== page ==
Covert sensitisation: This is the more imaginary form as the patient is encouraged to imagine the unpleasant experience after imagining their addictive behaviour, and they learn an association over time without actually experiencing nausea or sickness. In terms of nicotine, the client relaxes and imagines themselves smoking, which is then immeidately followed by images of nausea or illness- the more vivid it is the better. This encourages them to draw negative associations with smoking and thus extinguish the behaviour. 

There is research to support from Smith and Frawley found that after 12 months of treatment, alcoholics showed a 65% abstention rate, highlighting how behavioural treatments are successful in treatment of addiction. Covert sensitsation is also the more ethical treatment as there is no physical harm, wheras aversion has ethical questions raised and may not be approporate in all cases. These treatments are too reductionist as it only focuses on behavioural aspects when it is known that there is also psychological aspects of a disorder

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Theory of Planned Behaviour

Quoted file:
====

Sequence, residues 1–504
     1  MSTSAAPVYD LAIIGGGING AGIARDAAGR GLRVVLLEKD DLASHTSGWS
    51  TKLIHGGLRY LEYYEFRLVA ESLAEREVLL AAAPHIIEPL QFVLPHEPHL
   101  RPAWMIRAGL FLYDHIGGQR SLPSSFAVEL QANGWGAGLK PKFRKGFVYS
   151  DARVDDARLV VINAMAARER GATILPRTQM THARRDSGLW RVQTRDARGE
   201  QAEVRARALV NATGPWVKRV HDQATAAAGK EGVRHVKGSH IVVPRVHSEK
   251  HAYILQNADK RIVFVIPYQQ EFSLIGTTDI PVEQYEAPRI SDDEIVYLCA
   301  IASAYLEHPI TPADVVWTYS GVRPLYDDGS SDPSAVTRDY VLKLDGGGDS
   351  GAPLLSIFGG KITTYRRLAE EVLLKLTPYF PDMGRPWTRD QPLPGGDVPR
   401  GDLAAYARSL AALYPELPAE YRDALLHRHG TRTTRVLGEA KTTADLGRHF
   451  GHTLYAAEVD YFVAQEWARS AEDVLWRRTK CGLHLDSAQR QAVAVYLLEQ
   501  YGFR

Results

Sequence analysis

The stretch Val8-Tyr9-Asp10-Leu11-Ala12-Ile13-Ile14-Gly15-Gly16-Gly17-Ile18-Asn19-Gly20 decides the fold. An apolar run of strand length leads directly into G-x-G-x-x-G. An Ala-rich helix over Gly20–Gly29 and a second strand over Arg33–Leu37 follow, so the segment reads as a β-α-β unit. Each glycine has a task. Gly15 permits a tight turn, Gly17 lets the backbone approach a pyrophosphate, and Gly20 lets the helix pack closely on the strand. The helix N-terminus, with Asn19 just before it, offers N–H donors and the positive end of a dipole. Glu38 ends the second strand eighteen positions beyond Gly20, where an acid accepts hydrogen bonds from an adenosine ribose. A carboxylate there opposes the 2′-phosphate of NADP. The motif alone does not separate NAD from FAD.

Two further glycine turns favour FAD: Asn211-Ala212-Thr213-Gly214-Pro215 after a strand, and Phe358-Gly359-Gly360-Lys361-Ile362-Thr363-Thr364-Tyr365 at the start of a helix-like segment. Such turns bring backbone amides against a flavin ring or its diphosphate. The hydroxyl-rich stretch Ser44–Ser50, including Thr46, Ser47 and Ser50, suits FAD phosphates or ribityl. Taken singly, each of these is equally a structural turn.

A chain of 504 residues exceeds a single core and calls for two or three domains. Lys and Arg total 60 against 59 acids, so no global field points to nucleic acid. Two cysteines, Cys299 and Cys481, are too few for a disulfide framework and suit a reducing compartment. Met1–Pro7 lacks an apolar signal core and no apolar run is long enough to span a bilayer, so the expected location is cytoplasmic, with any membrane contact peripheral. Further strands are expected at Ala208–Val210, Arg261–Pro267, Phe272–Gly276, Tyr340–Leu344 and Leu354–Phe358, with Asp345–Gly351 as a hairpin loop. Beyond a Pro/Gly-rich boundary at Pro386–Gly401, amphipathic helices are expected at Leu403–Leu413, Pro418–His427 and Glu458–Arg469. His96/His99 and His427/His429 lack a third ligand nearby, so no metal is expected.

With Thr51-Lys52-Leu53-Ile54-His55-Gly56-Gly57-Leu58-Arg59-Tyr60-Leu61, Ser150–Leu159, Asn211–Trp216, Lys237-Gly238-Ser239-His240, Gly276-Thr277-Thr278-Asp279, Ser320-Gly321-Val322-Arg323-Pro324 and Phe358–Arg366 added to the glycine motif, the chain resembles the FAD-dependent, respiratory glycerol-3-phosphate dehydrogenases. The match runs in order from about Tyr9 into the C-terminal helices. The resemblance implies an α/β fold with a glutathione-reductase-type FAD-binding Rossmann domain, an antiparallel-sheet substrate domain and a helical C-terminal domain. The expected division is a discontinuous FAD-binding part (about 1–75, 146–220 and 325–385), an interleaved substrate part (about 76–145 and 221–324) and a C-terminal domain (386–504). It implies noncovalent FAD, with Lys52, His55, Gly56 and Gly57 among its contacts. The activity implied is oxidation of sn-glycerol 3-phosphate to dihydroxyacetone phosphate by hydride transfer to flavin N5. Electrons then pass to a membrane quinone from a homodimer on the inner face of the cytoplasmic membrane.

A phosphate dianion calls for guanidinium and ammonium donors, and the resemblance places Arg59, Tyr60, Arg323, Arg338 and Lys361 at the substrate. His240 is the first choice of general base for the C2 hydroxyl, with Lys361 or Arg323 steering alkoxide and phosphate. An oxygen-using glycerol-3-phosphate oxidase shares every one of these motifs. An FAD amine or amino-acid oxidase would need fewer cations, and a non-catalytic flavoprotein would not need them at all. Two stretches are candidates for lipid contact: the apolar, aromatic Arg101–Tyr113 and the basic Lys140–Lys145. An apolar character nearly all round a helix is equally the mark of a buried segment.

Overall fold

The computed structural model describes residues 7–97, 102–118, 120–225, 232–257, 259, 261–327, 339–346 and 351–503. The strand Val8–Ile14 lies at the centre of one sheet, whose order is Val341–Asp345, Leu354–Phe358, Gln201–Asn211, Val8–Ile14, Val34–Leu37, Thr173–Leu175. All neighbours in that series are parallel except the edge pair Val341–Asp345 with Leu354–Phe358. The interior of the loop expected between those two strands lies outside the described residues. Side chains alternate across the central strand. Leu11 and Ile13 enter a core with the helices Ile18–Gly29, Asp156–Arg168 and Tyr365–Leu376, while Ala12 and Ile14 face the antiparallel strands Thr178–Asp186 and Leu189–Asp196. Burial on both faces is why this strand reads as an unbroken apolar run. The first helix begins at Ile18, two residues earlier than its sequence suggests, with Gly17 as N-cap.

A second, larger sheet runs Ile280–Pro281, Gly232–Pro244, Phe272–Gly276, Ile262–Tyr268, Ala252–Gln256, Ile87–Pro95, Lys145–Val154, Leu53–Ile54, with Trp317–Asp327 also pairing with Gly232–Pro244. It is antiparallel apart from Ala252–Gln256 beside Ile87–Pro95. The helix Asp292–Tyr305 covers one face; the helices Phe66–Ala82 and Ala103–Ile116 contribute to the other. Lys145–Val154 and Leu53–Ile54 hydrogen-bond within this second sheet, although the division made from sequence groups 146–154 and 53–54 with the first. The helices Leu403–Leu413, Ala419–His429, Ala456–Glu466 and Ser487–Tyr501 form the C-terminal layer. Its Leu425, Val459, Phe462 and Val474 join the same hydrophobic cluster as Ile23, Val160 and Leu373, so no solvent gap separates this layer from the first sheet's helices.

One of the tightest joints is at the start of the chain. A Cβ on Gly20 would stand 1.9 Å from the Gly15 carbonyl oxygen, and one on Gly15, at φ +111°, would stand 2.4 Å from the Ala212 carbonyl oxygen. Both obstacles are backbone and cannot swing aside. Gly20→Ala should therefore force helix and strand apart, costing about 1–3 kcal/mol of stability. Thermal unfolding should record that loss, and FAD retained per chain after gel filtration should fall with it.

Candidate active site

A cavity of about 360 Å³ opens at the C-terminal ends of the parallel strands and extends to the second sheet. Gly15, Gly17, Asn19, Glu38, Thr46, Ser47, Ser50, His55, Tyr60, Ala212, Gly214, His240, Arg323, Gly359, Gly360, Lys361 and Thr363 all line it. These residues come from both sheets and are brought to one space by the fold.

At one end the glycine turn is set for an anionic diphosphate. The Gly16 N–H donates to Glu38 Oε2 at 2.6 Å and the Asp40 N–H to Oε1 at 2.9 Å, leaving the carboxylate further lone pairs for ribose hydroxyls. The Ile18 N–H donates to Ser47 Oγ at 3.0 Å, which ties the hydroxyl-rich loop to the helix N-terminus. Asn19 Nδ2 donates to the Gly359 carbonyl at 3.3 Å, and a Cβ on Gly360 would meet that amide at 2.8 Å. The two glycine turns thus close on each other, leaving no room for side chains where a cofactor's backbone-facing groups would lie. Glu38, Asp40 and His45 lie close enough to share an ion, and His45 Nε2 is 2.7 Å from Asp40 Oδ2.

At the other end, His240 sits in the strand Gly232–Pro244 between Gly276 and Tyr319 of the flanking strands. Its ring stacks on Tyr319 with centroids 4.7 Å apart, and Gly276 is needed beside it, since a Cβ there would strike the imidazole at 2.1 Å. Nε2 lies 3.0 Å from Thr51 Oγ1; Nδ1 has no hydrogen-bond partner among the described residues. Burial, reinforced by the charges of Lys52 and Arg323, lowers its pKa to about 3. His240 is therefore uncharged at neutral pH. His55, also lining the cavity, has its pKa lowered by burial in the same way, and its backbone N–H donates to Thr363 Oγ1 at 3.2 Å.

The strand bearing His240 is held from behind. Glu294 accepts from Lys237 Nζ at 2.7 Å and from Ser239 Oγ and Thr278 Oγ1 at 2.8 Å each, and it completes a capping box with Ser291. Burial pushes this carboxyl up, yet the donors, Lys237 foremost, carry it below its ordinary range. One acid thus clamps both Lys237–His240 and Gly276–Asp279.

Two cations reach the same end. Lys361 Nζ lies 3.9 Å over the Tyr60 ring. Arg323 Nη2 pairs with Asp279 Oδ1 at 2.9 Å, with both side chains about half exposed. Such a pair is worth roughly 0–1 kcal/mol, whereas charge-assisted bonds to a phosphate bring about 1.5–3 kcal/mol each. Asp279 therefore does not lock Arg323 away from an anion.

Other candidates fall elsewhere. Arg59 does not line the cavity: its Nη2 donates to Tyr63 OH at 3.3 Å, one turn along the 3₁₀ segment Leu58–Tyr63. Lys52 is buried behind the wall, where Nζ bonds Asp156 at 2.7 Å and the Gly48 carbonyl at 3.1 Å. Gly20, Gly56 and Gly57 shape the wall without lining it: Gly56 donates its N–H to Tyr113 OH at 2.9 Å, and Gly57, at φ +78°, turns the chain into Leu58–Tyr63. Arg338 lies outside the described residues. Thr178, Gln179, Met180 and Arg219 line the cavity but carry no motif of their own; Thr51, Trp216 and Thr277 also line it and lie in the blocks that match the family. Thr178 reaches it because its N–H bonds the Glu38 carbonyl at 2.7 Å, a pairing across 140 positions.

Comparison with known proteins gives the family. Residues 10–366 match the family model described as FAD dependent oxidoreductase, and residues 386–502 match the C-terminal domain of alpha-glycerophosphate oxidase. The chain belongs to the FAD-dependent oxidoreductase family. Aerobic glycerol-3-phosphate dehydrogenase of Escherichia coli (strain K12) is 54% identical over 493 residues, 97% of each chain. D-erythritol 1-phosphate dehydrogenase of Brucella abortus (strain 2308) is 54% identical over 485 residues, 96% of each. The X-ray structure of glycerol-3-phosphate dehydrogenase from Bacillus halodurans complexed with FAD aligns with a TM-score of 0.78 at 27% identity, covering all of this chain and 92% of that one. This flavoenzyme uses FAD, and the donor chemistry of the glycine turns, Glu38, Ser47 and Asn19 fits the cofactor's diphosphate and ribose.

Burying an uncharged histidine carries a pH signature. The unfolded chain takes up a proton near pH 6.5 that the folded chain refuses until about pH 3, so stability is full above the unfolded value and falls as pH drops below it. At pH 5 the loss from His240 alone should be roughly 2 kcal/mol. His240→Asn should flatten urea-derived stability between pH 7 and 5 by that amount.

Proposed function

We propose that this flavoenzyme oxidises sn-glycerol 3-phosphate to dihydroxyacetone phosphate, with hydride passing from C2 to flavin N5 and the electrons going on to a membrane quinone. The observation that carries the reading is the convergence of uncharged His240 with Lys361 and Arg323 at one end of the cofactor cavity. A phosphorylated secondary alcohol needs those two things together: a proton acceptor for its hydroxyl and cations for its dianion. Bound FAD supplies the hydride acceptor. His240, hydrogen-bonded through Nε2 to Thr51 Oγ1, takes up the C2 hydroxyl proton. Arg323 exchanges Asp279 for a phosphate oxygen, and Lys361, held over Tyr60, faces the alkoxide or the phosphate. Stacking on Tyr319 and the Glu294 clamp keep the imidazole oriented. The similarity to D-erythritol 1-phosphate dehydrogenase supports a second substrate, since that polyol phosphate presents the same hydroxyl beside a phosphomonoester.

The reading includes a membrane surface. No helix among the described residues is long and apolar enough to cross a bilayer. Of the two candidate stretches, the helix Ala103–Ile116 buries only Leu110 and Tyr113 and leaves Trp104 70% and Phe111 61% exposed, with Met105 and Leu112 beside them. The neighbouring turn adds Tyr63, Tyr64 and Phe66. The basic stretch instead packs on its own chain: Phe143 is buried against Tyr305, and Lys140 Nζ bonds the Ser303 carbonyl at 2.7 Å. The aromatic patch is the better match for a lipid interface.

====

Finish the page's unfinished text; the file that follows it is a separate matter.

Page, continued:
The theory suggest we can change behaviour by reverse engineering the model. By reducing the cognitive factors that cause intention, we can reduce the chance of engaging with the behaviour. 

1.1) Behavioural attitude: individuals views on the behaviour and belief of its outcomes. If a persons views are more negative than positive, then they will be less likely to initiate the behaviour, e.g. potential smokers will not smoke if they see that the health risks and the cost outway the social aspect. Refer to Slater review of success of drug campaigns due to BA

1.2) Subjective Norms: refers to the views of the people around them, both society and personal. If the norm in society is no to engage in the behaviour, and they will be shunned for it, they will be less likely to do it. Wilson and Kolander studied public acceptance of substances

1.3) Perceived behavioural control: refers to how in control the individual feels they are of their behaviour. The more in control a person feels, the easier it will be for them to quit once the start, or easier to resist becoming addicted. Godin found PBC was a predictor in quitting behaviour

2) Intention: refers to a persons intention to perform an action

3) Behaviour: what the person actually ends up doing

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Evaluations of theory of planned behaviour

There is research to support from Norman. They examined smoking cessation intervention, looking at a persons intention to quit and whether they actually quit. They found that the theory was accurate in measuring a persons intention to quit smoking, but could not actually predict the actual quitting success. Instead, this was only predicted by the amount of times the participants had quit before. This research shows that the theory can predict temporary behaviour but not permanent behaviour.